But for many, the death of a figure as well-known and widely-beloved as the late Queen marks the end of an era, and has people asking whether her passing portends greater changes for Canada’s monarchy. As Canada has achieved greater independence over the last century, its ties with the United Kingdom have progressively weakened, and opponents of the monarchy have increasingly raised calls for Canada to sever its remaining ties with the British Crown. Some feel that the monarchy is anachronistic and anti-democratic, and out of line with modern Canadian values; for others, such as Quebec nationalists and some immigrants from other former British colonies, the monarchy symbolizes colonial subjugation. While the monarchy is unlikely to change any time soon, it remains to be seen if Charles can replicate his mother’s success in cultivating a personal popularity that counters these headwinds.


Do Appeals to Human Rights or Canadian Values Change Canadian Public Opinion? Race, Legal Status and the Framing of Positive and Negative Rights

Wednesday, Sept 21 | 12:30 p.m. | 223 Moses | RSVP here

Who should be granted state protection? Advocates often deploy appeals to human rights or shared national values when advocating on behalf of immigrant noncitizens. But do these approaches actually work? Few studies have empirically tested strategies for persuading dominant majorities to extend social benefits and civil rights to vulnerable minority outgroups. This lecture will draw on newly-published survey data from Canada, a democratic country often portrayed as highly tolerant, diverse, and inclusive, to reveal the limits of rights-based appeals, and the degree to which categorical inequality informs public views of who is “deserving” of these benefits.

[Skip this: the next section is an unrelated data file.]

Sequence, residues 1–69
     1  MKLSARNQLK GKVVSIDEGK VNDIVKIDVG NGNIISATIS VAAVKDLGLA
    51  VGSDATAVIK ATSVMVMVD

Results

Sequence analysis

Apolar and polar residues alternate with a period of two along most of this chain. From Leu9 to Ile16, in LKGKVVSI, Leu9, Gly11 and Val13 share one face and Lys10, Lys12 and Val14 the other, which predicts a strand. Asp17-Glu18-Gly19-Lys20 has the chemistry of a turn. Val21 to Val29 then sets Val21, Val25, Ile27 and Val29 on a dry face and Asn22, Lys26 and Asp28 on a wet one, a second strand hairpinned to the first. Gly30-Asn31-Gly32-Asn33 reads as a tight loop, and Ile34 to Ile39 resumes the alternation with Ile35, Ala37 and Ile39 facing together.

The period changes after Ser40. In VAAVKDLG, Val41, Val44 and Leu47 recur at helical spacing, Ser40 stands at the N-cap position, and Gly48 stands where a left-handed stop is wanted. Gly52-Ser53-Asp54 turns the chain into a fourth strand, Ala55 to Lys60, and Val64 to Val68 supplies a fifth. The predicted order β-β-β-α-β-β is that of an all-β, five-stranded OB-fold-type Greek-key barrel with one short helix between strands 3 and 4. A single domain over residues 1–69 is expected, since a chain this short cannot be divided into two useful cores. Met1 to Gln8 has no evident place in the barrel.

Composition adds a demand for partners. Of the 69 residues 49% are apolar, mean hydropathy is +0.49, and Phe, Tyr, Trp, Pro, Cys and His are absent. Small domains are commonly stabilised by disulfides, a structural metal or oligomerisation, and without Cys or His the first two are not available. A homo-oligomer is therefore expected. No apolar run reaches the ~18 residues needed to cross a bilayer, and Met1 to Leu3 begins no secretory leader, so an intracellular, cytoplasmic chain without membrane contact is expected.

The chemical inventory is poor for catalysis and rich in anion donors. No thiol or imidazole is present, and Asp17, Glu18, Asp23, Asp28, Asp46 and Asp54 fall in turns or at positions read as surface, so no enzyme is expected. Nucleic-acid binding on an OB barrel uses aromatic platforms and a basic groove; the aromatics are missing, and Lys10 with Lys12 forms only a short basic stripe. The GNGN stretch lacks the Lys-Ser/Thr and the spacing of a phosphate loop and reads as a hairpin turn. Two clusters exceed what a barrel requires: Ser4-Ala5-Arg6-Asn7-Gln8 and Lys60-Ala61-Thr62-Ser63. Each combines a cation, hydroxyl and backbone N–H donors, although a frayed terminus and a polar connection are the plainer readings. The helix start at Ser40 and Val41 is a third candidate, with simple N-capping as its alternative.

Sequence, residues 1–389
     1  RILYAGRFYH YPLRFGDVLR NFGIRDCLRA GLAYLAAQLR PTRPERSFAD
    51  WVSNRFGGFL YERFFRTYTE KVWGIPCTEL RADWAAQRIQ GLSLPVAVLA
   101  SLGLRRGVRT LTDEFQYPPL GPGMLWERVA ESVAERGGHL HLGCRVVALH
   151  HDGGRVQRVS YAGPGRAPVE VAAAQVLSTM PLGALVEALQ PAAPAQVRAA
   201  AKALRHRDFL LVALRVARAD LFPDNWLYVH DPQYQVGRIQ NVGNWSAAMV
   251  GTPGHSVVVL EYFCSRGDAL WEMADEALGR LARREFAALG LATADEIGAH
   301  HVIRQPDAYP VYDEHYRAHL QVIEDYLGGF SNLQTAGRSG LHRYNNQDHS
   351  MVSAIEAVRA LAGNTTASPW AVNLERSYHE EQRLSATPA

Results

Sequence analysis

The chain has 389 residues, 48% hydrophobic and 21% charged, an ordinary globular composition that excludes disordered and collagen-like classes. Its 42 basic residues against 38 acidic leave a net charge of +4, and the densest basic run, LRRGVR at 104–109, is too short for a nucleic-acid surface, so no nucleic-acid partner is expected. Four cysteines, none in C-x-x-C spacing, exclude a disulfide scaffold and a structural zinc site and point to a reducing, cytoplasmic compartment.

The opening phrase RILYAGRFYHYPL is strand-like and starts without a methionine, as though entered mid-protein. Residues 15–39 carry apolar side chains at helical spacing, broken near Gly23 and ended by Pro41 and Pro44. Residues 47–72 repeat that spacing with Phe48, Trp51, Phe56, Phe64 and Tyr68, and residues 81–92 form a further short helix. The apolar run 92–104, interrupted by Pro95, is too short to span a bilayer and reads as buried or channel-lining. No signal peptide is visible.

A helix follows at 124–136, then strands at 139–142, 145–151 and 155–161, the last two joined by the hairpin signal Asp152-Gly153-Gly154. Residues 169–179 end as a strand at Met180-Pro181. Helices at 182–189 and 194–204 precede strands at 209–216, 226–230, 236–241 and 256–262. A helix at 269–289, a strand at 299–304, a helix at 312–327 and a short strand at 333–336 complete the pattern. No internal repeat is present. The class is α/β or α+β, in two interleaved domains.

Irene Bloemraad is a professor of sociology at UC Berkeley and director of the Canadian Studies Program. She studies how immigrants become incorporated into political communities and the consequences of their presence on politics and understandings of membership. Bloemraad holds the Class of 1951 Chair in Sociology and the Thomas Garden Barnes Chair in Canadian Studies, and is the founding Director of the Berkeley Interdisciplinary Migration Initiative (BIMI). Beyond campus, she serves as the co-director of the Boundaries, Membership and Belonging program of the Canadian Institute for Advanced Research.

This event will be held in person and streamed live online. Please RSVP below if you plan to attend. If you require an accommodation for effective communication or information about campus mobility access features in order to participate in this event, please contact us at canada@berkeley.edu at least 7-10 days in advance of the event.